Hey, You – Get off of my Cloud

Rarely have I come across a technical situation where I felt that Mick Jagger had expressed the best advice, but there it is.

This week, after my last posts, I had several inquiries from people over how I thought the widespread use of “cloud-based computing” would change things for us – and what changes WE should make in order to make better use of it.

The biggest change, of course, involves where data is stored (on the internet) and WHO stores it, with who stores it being the most important change to day to day life.

Ten years ago, I started asking people to stop sending me printed material, and to start sending me information electronically – drawing files, PDF literature, and spreadsheets were more useful to me than a ton of paper.

Ten years later, two things have happened. First, the size of those data files is much larger than it used to be, and they change more often. The second change is the devices I access that information with being lighter in weight – net books, iPads and other tablets, and even smart phones. These devices are not only more limited in storage, I also get way too much electronic literature and data to use effectively.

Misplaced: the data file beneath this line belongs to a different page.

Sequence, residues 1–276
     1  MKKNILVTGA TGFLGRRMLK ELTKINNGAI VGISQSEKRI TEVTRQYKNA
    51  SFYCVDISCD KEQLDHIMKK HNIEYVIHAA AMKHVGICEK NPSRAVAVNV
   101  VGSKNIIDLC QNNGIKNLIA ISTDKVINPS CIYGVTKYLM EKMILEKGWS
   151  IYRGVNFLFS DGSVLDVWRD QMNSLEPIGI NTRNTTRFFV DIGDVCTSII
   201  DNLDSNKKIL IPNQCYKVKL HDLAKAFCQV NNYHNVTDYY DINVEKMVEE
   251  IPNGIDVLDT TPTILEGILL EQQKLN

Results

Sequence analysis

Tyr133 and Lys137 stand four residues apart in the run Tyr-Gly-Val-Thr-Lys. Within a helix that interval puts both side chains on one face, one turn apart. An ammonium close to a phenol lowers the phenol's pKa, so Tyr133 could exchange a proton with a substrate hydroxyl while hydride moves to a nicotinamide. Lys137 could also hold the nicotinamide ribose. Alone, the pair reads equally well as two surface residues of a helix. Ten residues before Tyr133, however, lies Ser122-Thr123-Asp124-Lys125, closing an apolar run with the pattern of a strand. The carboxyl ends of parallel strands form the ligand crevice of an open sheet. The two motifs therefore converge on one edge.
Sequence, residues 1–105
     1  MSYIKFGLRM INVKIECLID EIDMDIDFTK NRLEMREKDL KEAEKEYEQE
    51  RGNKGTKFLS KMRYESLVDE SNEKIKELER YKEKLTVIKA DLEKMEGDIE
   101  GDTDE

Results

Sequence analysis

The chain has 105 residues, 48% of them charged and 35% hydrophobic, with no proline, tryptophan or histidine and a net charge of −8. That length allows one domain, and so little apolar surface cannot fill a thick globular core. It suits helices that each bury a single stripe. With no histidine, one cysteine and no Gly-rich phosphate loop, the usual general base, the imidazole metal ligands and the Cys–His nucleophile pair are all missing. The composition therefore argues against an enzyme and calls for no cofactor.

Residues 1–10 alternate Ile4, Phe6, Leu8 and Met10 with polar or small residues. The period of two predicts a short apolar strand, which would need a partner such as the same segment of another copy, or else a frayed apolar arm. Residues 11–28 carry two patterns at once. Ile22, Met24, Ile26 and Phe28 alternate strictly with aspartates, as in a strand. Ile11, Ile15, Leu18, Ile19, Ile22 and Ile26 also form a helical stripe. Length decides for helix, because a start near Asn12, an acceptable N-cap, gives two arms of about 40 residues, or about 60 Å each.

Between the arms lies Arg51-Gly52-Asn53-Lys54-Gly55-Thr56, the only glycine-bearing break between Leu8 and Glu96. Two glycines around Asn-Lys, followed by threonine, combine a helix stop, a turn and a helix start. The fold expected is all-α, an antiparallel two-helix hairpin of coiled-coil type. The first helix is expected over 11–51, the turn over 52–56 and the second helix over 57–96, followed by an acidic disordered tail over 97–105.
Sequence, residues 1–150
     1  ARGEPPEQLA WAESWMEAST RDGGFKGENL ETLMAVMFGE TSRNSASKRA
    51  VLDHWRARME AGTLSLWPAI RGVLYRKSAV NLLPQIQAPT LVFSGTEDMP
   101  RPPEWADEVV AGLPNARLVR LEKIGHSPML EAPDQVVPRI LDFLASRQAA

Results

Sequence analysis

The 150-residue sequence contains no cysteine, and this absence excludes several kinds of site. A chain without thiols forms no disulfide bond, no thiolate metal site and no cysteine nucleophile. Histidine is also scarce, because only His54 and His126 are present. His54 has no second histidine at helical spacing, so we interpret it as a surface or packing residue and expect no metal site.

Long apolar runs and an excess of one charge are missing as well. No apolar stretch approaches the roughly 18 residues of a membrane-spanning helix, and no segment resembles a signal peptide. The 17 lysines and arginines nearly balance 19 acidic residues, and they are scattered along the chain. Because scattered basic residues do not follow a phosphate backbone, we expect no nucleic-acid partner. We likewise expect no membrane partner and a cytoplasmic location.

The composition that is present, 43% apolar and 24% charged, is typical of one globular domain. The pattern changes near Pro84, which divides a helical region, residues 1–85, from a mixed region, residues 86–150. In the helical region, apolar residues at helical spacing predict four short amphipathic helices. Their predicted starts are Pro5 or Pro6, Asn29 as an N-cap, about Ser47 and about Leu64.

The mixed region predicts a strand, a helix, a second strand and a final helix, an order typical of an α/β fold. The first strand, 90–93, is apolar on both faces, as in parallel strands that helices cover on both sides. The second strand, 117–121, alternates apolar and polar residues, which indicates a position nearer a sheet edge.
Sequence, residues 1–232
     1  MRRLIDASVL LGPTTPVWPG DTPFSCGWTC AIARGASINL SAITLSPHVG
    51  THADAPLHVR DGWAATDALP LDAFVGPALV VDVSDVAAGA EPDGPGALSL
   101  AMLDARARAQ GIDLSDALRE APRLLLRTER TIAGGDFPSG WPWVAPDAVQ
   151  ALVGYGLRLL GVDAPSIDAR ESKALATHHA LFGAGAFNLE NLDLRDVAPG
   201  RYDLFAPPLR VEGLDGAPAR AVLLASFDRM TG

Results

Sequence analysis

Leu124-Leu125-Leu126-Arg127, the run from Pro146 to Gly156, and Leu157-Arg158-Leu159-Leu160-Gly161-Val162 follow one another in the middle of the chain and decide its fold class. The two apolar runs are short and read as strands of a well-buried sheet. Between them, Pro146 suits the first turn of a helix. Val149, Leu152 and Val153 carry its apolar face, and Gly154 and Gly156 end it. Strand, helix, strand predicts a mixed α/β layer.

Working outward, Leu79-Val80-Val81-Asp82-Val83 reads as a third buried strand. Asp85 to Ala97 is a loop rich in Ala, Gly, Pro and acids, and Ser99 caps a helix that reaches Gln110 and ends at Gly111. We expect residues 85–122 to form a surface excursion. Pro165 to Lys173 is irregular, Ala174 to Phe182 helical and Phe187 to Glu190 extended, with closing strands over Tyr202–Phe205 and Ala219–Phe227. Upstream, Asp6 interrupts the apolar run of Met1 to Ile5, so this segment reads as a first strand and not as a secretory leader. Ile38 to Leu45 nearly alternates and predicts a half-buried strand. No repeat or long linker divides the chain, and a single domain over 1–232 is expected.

For the “cloud” to work, STOP sending me all those attachments. Instead, send me links to where I can use them on the net. I don’t WANT them on my system, and no longer want to be responsible for making sure I have the latest version. Electronic catalogs, drawings, and testimonials have become the equivalent of spam, and I don’t want to store them any more. And now that I retrieve them in the field, and pay for the bandwidth, I don’t want to download them until I need the information that’s in them.

PLEASE stop filling my email basket with your product specials of the week, update number 19 of your tech bulletin, or your latest 200 page catalog. Instead, keep a constantly updated version on the web, and send me email with a link to it. That way, we are BOTH sure I’m using the latest version.

I know its a change – but, folks, your PDFs are becoming spam. And if you want to work with today’s field tech, learn to host these documents rather than sending them out.